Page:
herd who was my host led me into the hut. It contained
one room, ten or twelve feet square, with no visible fur-
niture a few gourds and some dried meat hanging
under the roof ; in the center a small fire on the earthen
floor. In vain my eyes searched the obscurity for bed-
ding, till the shepherd, pointing to the floor, said:

"This is our bed; siamo poveri (we are poor)/'
There were possibly eight of us all told, and the others
were already stretched out with their feet to the fire, with
no covering, and nothing under them but the thickness
of their ragged clothes. I did not tarry; the dense
smoke, that found no outlet except through the low door,
blinded my eyes with an intense irritation; so like the
others I threw myself outstretched upon the bare ground,


thanking my stars that I had at least a cloak. Once
down, I found the air tolerably free from smoke. Once
more the host spoke: " Dor mite bene (Sleep well),"
and all was silent. In spite of my fatigue I lay long
awake. The novelty of the life, the wild surroundings,
the hardness of the ground, brought varied sensations;
and I was conscious of trouble brewing within, which
soon developed into a severe pain. No one had warned
me of the chestnut bread which had seemed so innocent
and sweet. Then too the absence of a pillow was in-
tolerable, as well as what smoke remained near the
ground. At last there came the happy thought to get
my saddle for a head rest, and I went out into the night.
There was Nature, Nature sublime, awful, silent. The
still low-hanging moon cast a weird light over the far-
stretching scene, and bathed the giant pyramid of the
mountain with a silvery brilliance ; the towering mass of
rock seemed nearer than by day; its snowy top shone
white, and all the sculpturing of the varied surface stood
out in clear relief of light and shade.

After again getting my feet near the smoldering em-
bers, and the saddle arranged for a pillow, I slept till,
with the dawn, the life of the camp began.

Thus ended my first night with Nature and primitive
man. I looked eagerly forward to more.

My host had promised to give me broccio for breakfast ;
I wondered what it could be. When at last it came, I
saw a neat basket-bowl filled with a snowy-white sub-
stance lying on leaves. It looked something like our
cottage cheese, but it was a dish for the gods. It was
made in some way by curdling the fresh, sweet milk of
sheep. I had again a pail of milk, which with the un-
used remnant was handed to a dog, and I suspected
would be used again unwashed.


It was my ambition to climb to the mountain top, and
to be there before sunrise. The shepherds told me that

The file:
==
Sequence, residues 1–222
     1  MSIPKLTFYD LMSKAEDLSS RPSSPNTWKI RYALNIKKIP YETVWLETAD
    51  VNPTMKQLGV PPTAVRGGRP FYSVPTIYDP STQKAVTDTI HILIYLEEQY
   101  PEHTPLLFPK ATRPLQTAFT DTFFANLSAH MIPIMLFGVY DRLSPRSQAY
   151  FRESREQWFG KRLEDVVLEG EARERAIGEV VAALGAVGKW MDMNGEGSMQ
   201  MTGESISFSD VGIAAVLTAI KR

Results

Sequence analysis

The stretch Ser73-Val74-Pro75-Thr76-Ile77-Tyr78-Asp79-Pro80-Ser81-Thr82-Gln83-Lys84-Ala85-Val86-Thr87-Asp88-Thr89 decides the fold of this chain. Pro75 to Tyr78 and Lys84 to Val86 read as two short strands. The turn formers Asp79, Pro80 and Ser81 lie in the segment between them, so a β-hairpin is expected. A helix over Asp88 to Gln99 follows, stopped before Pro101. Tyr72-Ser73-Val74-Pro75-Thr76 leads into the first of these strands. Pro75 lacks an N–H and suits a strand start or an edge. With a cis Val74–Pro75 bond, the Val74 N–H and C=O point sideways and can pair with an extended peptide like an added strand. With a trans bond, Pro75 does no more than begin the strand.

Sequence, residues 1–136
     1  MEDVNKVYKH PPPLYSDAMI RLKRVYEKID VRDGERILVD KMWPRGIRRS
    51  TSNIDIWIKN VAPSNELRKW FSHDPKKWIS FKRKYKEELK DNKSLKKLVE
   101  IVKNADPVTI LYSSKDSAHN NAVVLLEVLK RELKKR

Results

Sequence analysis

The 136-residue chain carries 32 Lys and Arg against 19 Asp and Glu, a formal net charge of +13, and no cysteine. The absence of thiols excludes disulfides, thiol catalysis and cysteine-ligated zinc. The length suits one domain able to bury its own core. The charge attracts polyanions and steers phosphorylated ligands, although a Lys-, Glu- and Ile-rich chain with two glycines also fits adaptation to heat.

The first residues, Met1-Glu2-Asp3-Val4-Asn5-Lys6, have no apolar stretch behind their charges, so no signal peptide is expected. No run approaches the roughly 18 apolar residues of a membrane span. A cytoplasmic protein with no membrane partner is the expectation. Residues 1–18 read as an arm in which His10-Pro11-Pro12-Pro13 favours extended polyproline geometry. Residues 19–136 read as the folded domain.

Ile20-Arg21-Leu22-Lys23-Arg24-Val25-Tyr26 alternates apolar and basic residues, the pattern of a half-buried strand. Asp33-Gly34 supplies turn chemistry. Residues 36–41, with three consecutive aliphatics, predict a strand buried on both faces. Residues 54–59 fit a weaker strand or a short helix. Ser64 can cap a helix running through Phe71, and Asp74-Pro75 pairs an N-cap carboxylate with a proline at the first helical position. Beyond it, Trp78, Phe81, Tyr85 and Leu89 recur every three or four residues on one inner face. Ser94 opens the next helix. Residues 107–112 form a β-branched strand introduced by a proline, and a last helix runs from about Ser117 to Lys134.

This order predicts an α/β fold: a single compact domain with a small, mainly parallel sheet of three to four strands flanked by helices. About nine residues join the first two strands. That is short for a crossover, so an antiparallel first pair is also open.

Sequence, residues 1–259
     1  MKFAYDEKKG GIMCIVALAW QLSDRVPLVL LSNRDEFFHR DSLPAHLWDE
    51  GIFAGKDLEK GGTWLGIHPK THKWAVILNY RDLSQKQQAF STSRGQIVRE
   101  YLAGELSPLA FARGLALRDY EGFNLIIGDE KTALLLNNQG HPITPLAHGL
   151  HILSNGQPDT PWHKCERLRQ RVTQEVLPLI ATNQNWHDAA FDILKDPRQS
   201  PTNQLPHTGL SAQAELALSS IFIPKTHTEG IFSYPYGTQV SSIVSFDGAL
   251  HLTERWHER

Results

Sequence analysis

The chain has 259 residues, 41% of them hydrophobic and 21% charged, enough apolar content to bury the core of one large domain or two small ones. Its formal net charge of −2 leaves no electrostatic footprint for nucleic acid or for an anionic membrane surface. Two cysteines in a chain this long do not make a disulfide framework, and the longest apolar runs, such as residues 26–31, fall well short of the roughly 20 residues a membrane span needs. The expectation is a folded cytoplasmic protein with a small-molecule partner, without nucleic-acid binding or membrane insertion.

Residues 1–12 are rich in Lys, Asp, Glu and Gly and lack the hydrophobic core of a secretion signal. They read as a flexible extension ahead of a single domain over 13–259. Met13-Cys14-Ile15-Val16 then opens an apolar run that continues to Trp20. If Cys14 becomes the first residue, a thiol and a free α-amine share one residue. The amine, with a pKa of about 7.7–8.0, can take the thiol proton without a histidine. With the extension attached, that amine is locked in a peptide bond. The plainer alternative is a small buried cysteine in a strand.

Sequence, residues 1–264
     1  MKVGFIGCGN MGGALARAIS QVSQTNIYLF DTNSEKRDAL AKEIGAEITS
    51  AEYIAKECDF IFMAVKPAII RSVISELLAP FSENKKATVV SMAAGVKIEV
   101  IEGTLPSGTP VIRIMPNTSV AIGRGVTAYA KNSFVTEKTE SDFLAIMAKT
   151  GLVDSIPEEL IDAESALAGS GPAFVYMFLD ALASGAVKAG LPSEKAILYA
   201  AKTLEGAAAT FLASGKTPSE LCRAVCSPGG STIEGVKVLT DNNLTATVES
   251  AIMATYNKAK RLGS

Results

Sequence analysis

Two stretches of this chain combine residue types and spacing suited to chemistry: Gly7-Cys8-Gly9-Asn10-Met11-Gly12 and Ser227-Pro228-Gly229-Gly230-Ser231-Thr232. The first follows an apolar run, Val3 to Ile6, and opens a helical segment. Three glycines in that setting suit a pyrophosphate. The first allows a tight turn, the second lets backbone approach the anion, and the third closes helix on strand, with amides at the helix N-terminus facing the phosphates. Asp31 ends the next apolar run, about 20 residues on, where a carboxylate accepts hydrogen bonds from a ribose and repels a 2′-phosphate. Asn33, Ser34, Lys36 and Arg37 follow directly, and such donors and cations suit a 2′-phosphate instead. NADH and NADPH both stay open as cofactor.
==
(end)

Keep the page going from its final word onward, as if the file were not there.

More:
it was too early in the season, and moreover, it would
not be practicable to camp on the top : it would be better
to make an early start, and make the whole trip up and
back by day. After much discussion it appeared that
we might camp below the summit, near a little lake: so
after breakfast with my two men and one of the shep-
herds we started on foot. Each of the men had a bag
of food slung over his shoulders; I carried my cloak
and the hammer. The day was perfect, the sun brilliant
in a clear sky, and the mountain air invigorating in the
freshness of the morning. We had to climb for several
hours over foothills, till, coming around a corner, we
looked out upon a great amphitheater scooped out of the
whole side of the mountain. At its foot, far below us,
lay a little lake of sapphire blue ensconced in a green,
grassy meadow. A field of snow covered the rest of the
amphitheater, sweeping downward from below the sum-
mit, in ever-gentling curve, to spread out at the bottom
near the lake.

I did not know till later that such amphitheaters were
the gathering points of the high mountain snows out of
which are developed glaciers.

In the early morning the climb to the top was, as I re-
member, quite difficult. The light of the moon made it
possible for the shepherd to choose the best way, though
we often had to cut foothold in the hardened snow or
ice ; but we reached a spot a little below the top just be-
fore the break of day.

Here we waited till the first signals of dawn appeared
in the eastern sky. As I remember it, the sky was clear,
but from below was rising a mist which partly hid the
horizon as the sun rose after we stood on the summit.


What I remember of the first moments, is standing
against the jagged pinnacle that formed the very top and,
looking out to the west, seeing a gigantic reproduction of
myself my shadow cast by the sun upon the cloud of
mist. I had heard of the '* Spectre of the Brocken " in the
Hartz Mountains; here I was the ghost of Monte Ro-

On the way down we made a detour to visit the little
lake. I remember it as nestling in a grassy meadow, its
calm surface reflecting the field of snow descending be-
tween the rocky walls of the amphitheater. Best of all,